“This is probably selfish on my part,” he said, “and I’m sure the coaches don’t share this type of enthusiasm, but I am really excited about a year in which I don’t know. To me the beauty of sport — and that’s why all of the years they’ve tried to keep gambling out, to not have it be pro wrestling where the outcome is scripted in advance — is you buy a ticket, you turn on the radio, you turn on the TV and you don’t know what’s going to happen. That’s the beauty of sport, and that’s what we’ve got this year.

“To me, wow, that’s really exciting. I’m not looking at the schedule and saying, ‘They should win this game. They would win this game.’ I don’t know. I have no idea. I think this team has as much chance of losing to Alabama State as they do beating Kansas. That may sound ludicrous, but I’m serious. Coaches love to know what’s going to happen. Maybe some of the fans want to know what’s going to happen. But personally I’m excited not knowing and showing up every day and seeing what happens.”

2. The return of the fans

Restrictions on indoor gatherings last season in Ohio prevented Dayton from packing UD Arena as it had every season since 1969. Those restrictions are no longer in place. The crowds will return in Dayton and at college basketball arenas across the country.

Hansgen expects the crowds to improve everyone’s experience — not just the players and not just everyone in the arena. Even the people watching at home will benefit from seeing fans cheering. There will be no need for pre-taped crowd noise, which took over arenas and stadiums a year ago.

“It’s going to add to my experience,” Hansgen said. “I think it’s going to help me do a better job. Last year was a tough year. I’m not complaining about it, but it was not fun and it was exhausting at times.”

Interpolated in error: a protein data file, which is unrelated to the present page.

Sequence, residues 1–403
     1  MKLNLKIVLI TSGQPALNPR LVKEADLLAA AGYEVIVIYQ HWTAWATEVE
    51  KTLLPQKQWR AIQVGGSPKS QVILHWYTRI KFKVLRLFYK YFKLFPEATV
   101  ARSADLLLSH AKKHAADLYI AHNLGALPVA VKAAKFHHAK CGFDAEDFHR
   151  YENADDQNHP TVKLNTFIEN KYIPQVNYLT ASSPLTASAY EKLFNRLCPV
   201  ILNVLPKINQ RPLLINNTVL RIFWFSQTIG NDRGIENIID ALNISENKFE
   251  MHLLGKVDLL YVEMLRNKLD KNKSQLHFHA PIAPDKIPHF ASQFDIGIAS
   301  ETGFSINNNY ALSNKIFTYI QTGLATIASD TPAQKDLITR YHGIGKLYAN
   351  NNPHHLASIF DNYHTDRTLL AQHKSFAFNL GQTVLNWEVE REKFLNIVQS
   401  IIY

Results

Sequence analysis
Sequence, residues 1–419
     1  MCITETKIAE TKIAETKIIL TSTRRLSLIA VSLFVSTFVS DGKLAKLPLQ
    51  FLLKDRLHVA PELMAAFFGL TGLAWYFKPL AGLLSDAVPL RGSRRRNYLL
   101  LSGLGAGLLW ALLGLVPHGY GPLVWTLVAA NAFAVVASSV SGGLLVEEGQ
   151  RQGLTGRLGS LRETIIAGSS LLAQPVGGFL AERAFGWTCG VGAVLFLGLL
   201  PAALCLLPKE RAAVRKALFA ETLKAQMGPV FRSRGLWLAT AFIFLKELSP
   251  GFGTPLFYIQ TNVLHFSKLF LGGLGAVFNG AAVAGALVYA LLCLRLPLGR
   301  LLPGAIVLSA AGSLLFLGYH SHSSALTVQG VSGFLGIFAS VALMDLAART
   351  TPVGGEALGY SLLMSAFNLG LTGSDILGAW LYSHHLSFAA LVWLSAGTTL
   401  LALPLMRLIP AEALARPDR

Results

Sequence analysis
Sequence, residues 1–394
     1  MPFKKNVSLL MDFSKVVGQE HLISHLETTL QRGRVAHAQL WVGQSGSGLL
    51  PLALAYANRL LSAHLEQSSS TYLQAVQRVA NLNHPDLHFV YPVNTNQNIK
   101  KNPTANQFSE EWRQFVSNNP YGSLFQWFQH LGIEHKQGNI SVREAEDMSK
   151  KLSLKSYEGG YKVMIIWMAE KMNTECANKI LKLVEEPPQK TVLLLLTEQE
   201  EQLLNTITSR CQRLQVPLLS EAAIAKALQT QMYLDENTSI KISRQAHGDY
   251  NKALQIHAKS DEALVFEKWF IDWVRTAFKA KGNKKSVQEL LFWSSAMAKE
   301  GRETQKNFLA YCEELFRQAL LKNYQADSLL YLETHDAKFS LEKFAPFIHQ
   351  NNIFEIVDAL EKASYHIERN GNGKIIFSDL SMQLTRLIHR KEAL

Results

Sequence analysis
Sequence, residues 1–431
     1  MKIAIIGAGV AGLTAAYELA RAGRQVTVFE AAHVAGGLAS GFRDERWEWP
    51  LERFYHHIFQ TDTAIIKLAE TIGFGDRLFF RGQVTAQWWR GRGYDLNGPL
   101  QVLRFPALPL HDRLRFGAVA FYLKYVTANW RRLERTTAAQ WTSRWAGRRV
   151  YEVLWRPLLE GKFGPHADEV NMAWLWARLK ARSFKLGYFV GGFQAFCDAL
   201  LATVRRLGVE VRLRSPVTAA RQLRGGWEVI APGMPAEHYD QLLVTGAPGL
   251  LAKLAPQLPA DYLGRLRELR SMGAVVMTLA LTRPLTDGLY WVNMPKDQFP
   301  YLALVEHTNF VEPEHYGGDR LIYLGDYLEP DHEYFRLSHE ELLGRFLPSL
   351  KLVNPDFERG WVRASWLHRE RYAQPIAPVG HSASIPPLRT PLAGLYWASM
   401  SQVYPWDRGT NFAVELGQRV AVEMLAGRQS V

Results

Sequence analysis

Of course, the experience inside the arena won’t be the same as it was two years ago. There’s a mask mandate for indoor public spaces in Dayton and at the University of Dayton.

“All of our staff will be fully masked,” said Scott DeBolt, director of UD Arena. “All of our workers will be fully masked. We will ask every patron to be fully masked when they walk in the building. We don’t want to be the mask police once they’re inside the building. People have to understand that there may be a situation with someone sitting next to them that takes their mask off during the game, and if they’re actively eating or drinking, that’s one thing. If they’re not, that’s another. But to try to manage 13,000 people as other venues have seen, it’s virtually impossible.”

3. The potential of the newcomers

Dan Sullivan, a Dayton grad who runs the weekly Talking Out Lowd podcast, predicted in the summer on his show Dayton would finish 24-7 in the regular season. Two Dayton fans joined him on that episode. Justin Hinders predicted a 23-8 finish. Jeff Pfeiffer predicted a 26-5 record.

If those seem like rosy predictions for a team that graduated its top two scorers, Crutcher and Ibi Watson, and returns no double-digit scorers, there’s a reason for the optimism. Dayton brought in perhaps the best transfer in the A-10, Georgia forward Toumani Camara, as well as the highest-ranked freshman, forward DaRon Holmes.

Holmes is a part of the highest-ranked 2021 recruiting class, which includes guards Malachi Smith and Lynn Greer III and forward Kaleb Washington.

Two former Flyers who know the team as well as anybody like the potential as well.